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Just Three Things

Wedneday, 28th January 2021

Here we go again with my formerly-regular Just Three Things. In case you’re unfamiliar with this, I write regularly about my early morning wander down the garden, noticing three things of interest and three jobs that need to be tackled.

I was booted up shortly before 9am, yet the weather was so mild that a shirt and light jumper was enough. There was a very heavy fog and, obviously, no wind at all.


I pruned the roses gently last November, gave them a full hard cut about ten days ago, and spread fertiliser around them. It will be washed in slowly over the coming weeks to feed them. Already, there’s some new growth. Spring is on the way!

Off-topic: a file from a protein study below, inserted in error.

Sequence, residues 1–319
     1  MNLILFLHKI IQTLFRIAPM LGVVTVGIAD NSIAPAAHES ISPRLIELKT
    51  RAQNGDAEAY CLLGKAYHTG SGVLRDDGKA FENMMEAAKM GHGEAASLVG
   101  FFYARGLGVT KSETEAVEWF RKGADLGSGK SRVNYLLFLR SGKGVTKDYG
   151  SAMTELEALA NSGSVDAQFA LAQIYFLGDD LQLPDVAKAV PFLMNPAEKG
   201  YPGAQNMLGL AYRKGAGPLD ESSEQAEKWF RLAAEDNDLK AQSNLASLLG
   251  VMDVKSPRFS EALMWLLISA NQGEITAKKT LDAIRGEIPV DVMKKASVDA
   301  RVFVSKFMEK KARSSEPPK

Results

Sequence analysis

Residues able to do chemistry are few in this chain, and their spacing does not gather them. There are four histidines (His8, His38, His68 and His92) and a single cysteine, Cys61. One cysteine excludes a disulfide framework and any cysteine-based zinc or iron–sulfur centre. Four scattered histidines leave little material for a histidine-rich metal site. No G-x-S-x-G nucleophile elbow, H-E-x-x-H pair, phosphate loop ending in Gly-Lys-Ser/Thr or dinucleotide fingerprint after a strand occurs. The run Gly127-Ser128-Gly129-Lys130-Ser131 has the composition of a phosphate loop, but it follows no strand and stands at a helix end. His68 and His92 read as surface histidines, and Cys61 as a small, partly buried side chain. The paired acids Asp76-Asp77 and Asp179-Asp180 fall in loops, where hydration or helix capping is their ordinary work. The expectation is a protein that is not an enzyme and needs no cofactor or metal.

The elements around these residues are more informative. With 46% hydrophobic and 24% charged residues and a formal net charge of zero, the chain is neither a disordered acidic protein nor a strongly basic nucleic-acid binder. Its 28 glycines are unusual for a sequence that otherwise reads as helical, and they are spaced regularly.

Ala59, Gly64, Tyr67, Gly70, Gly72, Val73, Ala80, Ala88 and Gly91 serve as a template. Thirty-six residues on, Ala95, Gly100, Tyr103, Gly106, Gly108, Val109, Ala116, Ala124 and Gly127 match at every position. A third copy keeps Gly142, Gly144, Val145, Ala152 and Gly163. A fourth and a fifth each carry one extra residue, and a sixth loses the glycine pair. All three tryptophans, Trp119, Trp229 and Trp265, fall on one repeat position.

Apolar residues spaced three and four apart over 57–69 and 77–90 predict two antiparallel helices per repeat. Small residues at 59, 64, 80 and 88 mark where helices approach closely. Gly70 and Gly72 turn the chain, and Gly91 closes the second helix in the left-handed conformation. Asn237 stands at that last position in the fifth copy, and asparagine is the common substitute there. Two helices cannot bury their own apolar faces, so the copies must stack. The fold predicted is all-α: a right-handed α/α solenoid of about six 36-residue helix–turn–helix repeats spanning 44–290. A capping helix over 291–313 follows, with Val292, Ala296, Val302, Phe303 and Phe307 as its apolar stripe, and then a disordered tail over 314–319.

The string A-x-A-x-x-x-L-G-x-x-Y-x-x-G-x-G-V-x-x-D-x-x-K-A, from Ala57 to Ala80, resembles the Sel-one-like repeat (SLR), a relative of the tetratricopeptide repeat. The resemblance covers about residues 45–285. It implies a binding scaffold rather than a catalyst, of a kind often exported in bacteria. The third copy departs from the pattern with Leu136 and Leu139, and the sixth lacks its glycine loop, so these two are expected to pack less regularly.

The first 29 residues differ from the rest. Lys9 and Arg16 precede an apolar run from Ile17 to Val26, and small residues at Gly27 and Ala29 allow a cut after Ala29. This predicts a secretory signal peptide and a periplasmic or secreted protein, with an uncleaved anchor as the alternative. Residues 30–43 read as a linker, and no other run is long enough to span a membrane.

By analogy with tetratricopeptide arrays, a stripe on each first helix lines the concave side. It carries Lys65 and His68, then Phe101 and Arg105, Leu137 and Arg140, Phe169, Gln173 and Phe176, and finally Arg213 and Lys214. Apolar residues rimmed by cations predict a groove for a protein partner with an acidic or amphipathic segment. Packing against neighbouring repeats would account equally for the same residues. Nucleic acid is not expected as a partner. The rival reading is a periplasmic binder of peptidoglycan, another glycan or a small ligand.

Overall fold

Last autumn I planted lots of daffodils in pots, and in this case I planted three pots into this larger pot. Hoping to restrict weed growth, I topped it off with a light layer of sand. What I didn’t expect was that birds would start using this for their regular sand-bath! In an attempt to stop them, I put in some bamboo sticks but they simply bathe in between the obstacles.


Floating on top of the barrel today is this detached leaf from a sweet-pea plant. There are seven of them growing well in the glasshouse, grown from seed last October. I pinched them about a week ago and placed the trimmings on to the compost heap. So, something moved it here. A bird or a gust of wind, perhaps. Remarkably, floating perfectly on the leaf is a water droplet. I love it!

Jobs To Be Tackled